While in north India we recuperate from the impact of man-made disasters, Eastern India is being ravaged by what comes forth seemingly as an effect of nature's fury. Each year the Indian sub-continent faces the wrath of the unpredictable monsoons, which, by the periodicity of their devastation have become predictable over time. Eastern India especially is wrecked, each year by floods that cause massive damage to lives, livestock, property, production and assets. Anything which comes in the way of gushing water is destroyed by the might of nature. Despite developing the most advanced warning systems, and boasting of one of the most efficient disaster response forces, little success has been achieved in containing the effect of the monsoons once they set forth. Either its absence causes drought followed by a severe loss to farmers, as was witnessed in Maharashtra and Andhra Pradesh last year, or its excess leads to massive flash floods, cyclones and excessive flooding as has been seen over time in Uttarakhand, Odisha, Bihar, Assam, and West Bengal.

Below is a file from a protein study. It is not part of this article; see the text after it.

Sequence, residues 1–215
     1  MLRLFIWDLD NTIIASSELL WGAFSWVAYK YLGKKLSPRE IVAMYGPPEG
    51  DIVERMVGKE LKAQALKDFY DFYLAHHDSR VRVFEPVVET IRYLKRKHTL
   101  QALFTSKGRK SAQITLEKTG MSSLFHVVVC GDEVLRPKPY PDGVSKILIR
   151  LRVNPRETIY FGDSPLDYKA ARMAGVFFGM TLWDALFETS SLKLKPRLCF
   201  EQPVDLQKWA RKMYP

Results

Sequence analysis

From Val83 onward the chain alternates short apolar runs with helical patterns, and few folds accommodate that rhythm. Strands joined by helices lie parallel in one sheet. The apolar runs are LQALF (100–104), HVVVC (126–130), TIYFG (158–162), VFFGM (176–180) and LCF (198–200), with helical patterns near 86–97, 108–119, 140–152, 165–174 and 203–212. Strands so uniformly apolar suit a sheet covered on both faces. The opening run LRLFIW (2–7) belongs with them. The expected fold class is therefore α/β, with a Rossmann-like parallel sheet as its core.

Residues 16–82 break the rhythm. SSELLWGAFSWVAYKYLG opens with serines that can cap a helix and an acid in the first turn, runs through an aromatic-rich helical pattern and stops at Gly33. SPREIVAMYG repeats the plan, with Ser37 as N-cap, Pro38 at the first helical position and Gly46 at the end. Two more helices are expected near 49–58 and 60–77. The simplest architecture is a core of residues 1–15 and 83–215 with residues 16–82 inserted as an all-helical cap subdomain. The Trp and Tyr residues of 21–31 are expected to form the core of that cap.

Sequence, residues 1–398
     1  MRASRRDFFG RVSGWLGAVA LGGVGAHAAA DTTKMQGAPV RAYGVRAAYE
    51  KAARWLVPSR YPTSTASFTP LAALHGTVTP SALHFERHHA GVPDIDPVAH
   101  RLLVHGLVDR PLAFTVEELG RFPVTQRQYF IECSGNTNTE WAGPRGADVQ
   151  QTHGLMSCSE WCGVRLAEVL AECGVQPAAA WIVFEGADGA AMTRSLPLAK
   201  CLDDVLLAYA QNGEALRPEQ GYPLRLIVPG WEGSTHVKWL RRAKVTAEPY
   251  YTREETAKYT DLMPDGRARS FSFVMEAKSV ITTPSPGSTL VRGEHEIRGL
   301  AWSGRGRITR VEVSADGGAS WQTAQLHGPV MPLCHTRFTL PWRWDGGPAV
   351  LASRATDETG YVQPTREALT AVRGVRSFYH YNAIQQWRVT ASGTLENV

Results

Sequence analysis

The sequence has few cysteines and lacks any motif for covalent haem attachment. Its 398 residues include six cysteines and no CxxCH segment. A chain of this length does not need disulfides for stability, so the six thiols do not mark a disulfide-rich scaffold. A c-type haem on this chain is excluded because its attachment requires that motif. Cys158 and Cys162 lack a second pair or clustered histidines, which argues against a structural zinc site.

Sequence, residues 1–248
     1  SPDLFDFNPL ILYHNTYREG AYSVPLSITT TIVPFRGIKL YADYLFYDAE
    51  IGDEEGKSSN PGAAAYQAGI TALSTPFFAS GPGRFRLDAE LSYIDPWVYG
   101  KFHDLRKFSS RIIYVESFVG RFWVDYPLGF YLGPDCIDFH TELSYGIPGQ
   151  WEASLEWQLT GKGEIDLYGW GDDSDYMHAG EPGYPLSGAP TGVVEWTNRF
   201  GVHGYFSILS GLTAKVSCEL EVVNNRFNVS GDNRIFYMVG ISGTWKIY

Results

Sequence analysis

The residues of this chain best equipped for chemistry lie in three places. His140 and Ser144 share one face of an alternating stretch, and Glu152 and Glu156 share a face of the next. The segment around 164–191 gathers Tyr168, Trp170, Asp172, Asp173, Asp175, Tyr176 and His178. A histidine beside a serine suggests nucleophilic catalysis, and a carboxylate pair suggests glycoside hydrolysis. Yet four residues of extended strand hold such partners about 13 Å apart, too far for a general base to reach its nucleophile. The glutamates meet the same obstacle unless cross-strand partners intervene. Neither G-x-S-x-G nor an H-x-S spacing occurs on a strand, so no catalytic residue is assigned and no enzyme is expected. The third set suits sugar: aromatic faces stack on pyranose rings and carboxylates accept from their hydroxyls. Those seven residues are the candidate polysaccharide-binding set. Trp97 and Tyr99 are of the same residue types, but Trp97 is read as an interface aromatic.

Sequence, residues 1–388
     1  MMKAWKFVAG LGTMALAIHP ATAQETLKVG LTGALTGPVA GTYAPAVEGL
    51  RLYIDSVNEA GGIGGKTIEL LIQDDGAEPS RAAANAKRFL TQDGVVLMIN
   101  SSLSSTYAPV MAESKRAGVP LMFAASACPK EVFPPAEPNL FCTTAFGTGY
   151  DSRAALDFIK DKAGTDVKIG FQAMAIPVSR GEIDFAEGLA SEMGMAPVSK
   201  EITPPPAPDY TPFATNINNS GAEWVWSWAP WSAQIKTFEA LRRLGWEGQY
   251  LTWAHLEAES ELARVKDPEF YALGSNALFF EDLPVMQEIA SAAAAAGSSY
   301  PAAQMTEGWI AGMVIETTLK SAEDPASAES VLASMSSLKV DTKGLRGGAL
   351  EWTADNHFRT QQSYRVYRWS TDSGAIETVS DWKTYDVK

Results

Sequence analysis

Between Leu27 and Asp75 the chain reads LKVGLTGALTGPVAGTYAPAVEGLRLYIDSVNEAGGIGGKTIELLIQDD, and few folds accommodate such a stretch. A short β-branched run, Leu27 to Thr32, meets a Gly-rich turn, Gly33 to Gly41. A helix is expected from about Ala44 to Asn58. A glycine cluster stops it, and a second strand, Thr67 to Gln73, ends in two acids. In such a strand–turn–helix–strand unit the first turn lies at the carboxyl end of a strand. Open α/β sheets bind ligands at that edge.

This year too excessive rains have caused havoc in Eastern India—maximum in Bihar where over 250 people have already lost their lives, more than 4lakh people have been displaced from their homes, and over 1.2 crore people have been affected in eighteen districts across the state. Shelters are now being run to accommodate and feed the fleeing individuals who have had to desert their homes their livestock and other valuables. In Bengal, too, over 50 people have died, and several have been displaced. The situation in Bihar is the worst, and its consequences have spilt onto Eastern Uttar Pradesh too. The condition in Araria district has been the most dismal with over 50 deaths being reported from here alone. An excessive rain along with floods in Nepal has compounded the situation at hand in Bihar. Flooding has become an annual problem for India, for which adequate preventive planning is still amiss. After disaster strikes, NDRF and SDRF are effective in reaching the necessary zones to provide long-term relief and shelter. Yet, there is a massive gap in policy-making that would check the first impact of heavy monsoons on residents of vulnerable areas. Experts have been suggesting that the rising rate of floods can be attributed to man-made causes as well. The pollution of rivers is causing silting and a subsequent rise in the level of river beds. This when further accentuated by rainwater in monsoons causes immediate overflowing of rivers, whose capacity to contain water has been diminished owing to a polluted river-bed. Further, the rapid construction of dams and hydroelectric projects has disturbed the normal flow of river water. This in monsoon aggravates the river flow, adding yet another reason for increased vulnerability to monsoons and flooding. To protect the citizens living in low-lying areas prone to the pitfalls of monsoon the authorities must undertake concentrated efforts to diminish the effect of what has become an annual disaster.